Los Angeles Dodgers' Hot Stove Report

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Los Angeles Dodgers' Hot Stove Report
Nick Laham/Getty Images

I spoke with Los Angeles Dodgers hitting coach Don Mattingly recently and discussed some of the offseason moves that the Dodgers have made this year.

Much of the buzz around the Dodgers' offseason has been about their plans for the second base position.

The Dodgers elected not to resign All-Star Orlando Hudson but retain Ronnie Belliard, who essentially took the starting spot from Hudson. Los Angeles also acquired veteran utility-man Jamie Carroll.

"The thing we like is versatility," Dodgers hitting coach Don Mattingly said. "You look at Jamie Carroll and he's a guy that gives you all kinds of versatility. He can play second base, short stop, third base, and he's played the outfield at times."

He said Belliard brings the same type of versatility to the team.

"He can play second base, third, probably some first base, and the outfield," he said. "Both of these guys are experience guys that have been around that aren't going to complain if they're not play that day, knowing that they're getting older."

But that leaves out Blake DeWitt, a guy who competed for the starting spot early last season, but spent most of the season in the minors.

"DeWitt is a guy that we love," Mattingly said. "We felt like we kind of mistreated him last year. He's young, he's got a great attitude, he's got a good eye, he's a great hitter, and he gives us another left-handed bat. Everyone likes him and wants him a part of our club."

He said the team needs the versatility to give some of the older players like Casey Blake and Rafael Furcal some days off.

"The older guys do better with some days off," he said. "You need depth in the National League, too. You double-switch a lot, so you don't want to run out of players.

He said the team is hoping that someone will come out of spring training as the starter, but that all three will get plenty of playing time.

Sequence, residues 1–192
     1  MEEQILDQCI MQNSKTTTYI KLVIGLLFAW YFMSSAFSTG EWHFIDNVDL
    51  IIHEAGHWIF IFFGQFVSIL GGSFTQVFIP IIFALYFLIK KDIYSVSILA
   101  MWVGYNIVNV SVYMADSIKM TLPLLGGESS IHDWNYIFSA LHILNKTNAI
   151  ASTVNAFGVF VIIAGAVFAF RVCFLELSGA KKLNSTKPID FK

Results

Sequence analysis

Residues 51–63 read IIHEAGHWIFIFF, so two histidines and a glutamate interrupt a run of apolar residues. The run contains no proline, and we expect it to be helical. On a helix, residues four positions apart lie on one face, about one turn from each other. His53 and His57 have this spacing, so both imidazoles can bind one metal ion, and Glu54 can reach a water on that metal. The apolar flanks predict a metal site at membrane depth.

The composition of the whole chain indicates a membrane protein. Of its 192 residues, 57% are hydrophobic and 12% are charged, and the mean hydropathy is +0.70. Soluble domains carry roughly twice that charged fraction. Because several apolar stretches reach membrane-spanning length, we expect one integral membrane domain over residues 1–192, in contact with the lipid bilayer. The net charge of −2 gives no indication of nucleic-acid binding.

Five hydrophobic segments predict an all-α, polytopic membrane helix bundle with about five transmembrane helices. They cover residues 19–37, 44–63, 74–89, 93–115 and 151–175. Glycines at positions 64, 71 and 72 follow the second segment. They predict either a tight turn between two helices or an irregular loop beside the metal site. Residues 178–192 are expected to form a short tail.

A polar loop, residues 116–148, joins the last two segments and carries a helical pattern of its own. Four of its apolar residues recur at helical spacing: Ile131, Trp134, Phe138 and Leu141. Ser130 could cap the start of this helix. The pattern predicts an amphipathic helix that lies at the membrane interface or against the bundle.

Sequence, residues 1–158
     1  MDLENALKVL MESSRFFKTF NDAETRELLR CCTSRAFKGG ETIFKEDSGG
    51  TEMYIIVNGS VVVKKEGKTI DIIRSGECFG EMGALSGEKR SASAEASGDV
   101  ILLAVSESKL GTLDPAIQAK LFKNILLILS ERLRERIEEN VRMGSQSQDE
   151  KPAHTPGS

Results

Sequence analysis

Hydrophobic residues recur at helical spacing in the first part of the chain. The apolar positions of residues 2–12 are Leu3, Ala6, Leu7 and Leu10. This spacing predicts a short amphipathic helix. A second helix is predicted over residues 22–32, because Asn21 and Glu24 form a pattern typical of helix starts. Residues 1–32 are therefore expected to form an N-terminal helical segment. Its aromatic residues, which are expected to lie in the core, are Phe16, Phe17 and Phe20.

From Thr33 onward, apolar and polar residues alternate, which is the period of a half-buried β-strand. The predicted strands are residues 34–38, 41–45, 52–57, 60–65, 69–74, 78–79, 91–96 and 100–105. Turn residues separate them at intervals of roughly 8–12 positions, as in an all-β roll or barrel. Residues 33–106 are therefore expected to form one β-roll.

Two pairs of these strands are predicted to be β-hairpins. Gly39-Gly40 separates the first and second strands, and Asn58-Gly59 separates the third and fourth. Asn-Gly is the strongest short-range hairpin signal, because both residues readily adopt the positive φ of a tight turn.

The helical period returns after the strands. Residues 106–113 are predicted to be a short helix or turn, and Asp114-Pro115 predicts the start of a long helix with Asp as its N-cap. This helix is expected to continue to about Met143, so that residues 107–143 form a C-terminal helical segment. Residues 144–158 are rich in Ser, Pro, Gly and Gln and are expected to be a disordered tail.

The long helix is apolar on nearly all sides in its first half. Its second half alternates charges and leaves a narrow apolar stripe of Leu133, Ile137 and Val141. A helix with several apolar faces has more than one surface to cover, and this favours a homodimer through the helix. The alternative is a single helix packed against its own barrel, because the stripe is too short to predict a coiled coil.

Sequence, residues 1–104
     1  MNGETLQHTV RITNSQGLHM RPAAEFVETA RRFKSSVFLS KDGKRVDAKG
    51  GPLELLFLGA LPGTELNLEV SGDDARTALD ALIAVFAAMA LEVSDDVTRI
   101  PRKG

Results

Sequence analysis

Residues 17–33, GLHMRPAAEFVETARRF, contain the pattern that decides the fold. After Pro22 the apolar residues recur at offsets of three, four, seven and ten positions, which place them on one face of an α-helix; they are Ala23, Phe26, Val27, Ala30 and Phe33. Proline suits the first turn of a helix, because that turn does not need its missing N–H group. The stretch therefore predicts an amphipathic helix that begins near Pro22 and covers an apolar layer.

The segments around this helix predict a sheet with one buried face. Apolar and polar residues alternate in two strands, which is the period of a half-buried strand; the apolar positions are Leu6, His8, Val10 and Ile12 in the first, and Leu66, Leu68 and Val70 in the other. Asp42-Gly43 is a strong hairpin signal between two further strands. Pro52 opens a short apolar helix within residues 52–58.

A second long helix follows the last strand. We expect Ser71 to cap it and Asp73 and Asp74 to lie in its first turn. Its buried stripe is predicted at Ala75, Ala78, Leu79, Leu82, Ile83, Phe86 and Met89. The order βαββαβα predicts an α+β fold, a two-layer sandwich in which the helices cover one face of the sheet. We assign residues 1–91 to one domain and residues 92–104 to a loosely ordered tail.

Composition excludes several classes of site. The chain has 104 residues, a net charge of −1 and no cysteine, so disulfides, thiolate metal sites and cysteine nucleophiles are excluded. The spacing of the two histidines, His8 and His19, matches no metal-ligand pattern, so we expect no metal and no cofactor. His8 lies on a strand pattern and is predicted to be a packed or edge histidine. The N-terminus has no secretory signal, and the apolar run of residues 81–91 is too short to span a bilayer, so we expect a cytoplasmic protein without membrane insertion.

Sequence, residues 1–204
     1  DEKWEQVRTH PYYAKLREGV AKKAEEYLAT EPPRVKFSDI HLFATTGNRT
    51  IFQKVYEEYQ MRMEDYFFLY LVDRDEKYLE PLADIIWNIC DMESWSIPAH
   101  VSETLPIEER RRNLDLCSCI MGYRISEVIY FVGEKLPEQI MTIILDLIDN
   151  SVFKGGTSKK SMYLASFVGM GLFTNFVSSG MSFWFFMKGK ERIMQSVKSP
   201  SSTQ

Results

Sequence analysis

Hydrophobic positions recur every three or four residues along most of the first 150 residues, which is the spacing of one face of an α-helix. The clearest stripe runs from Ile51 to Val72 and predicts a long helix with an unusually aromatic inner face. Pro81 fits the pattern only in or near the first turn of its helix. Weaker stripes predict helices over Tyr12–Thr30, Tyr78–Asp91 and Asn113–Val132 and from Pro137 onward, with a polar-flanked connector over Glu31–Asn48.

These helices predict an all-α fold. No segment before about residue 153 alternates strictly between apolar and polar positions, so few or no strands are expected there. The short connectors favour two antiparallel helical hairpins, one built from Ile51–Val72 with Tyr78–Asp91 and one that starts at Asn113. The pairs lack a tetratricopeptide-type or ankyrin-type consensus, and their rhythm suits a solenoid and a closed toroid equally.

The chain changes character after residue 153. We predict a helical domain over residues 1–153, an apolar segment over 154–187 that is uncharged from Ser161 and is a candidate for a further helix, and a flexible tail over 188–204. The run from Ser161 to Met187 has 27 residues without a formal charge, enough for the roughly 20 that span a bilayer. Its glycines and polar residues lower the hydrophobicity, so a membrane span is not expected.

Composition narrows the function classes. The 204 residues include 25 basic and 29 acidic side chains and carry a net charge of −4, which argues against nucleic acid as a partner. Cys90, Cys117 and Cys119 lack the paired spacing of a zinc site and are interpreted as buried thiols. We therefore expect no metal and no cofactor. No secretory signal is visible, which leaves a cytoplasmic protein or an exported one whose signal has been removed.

The Dodgers also elected to resign veteran starting pitcher Vicente Padilla and part ways with Jon Garland, a guy who made six appearances with the Dodgers last season. 

This was a move to keep a veteran presence in the rotation, Mattingly said.

"We were worried about the depth of our starting pitching," he said. "We're young and still have a lot of guys developing."

The Dodgers' rotation has a lot of young talent in Chad Billingsley and Clayton Kershaw, as well as James McDonald and Ronald Belisario in the bullpen. But aside from Billingsley and Kershaw, much is still left uncertain.

"Those guys have had some success as well as some struggles," Mattingly said. "But we don't know who's going to come out with that fifth spot."

He said they didn't really want to have to go looking for two younger, less experienced pitchers to fill a spot when they could keep a veteran who had already had success with them and someone they could count on.

Padilla was 4-0 with a 3.20 earned run average in eight starts with the Dodgers, including a win in the NLDS against the Cardinals

Mattingly said they didn't notice any of the problems that Padilla was rumored to have had with Texas last season.

"If a guy comes with us, and he's had trouble elsewhere, it's a new start for him," Mattingly said. "We try not to pre-judge and just see what have."

The Dodgers enter the 2010 season looking to win the National League West for the third straight year.

"Hopefully we're going to play well this season," Mattingly said. "Last year we had kind of a story book year. We got better but we need to keep getting better."

 

Follow Cole on Twitter at http://twitter.com/ColeClaybourn

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